The Eshima Ohashi Bridge is the largest rigid-frame bridge in Japan that connects Matsue, Shimane and Sakaiminato, Tottori over Nakaumi lake. It is known by the nickname of 'Betabumizaka.' As far as bridges go, it does have a fairly steep slope of 6.1%, but from the side, the roadway looks a lot less terrifying. Located in the Chukogu region of Honshu, this bridge is the largest rigid frame bridge in Japan and even the third largest in the world, according to NY Daily News.
If you've contracted gephyrophobia, or the fear of bridges (yes that's a thing), from just looking at this roadway, then you wouldn't be alone. The main reason this bridge is sloped so steeply is to allow large ships to pass under the roadway with ease. Driving up and down this roadway in harsh weather really doesn't seem like something you would want to do, but engineers appear to have designed the drainage system well enough to enable necessary traction.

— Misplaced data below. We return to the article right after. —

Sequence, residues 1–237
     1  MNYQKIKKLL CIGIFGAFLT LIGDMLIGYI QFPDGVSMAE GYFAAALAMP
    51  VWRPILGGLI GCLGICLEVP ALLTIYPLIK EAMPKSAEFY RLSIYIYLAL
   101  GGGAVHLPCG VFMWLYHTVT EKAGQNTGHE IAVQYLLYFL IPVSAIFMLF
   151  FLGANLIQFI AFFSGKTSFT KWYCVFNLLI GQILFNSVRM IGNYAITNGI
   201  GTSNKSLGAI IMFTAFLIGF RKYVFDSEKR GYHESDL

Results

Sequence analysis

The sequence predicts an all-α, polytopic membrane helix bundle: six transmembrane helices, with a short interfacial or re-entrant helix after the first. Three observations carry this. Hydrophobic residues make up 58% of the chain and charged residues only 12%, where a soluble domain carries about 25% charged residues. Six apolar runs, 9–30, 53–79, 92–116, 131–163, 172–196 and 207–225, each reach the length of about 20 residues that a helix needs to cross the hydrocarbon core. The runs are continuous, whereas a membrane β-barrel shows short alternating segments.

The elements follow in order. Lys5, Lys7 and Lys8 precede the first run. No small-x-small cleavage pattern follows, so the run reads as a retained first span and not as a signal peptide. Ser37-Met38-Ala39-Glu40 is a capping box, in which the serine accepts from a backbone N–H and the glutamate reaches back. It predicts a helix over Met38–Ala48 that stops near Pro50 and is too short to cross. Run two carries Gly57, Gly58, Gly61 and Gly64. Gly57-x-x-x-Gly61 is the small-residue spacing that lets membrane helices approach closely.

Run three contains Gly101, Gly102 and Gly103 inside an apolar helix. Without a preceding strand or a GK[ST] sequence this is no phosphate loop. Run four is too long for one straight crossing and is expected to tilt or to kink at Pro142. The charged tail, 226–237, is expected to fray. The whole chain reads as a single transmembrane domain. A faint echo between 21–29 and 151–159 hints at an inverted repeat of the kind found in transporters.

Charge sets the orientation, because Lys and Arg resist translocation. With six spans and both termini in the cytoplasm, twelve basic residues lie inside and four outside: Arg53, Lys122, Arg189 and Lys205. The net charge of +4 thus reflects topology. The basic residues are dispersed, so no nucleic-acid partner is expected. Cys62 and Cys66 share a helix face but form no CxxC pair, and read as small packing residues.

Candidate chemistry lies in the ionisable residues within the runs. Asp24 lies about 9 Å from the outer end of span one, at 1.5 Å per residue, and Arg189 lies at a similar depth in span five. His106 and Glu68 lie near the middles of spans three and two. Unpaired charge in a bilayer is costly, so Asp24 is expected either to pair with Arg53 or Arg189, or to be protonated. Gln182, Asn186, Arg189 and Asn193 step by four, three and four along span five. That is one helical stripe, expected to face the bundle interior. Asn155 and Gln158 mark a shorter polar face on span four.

Photos taken head-on of the bridge show all of the vertical climb in one picture, without demonstrating the distance the road has traveled to decrease in elevation. This effect ultimately makes the drive seem a lot more scary, and a little more impossible.
Some photos of this bridge even suggest that it has a 45˚ slope, which is all just visual trickery. What do you think? Would you drive across this scary looking bridge now know that you know that it is safe, or is your fear of heights and maybe even bridges going to stop you from making the trip?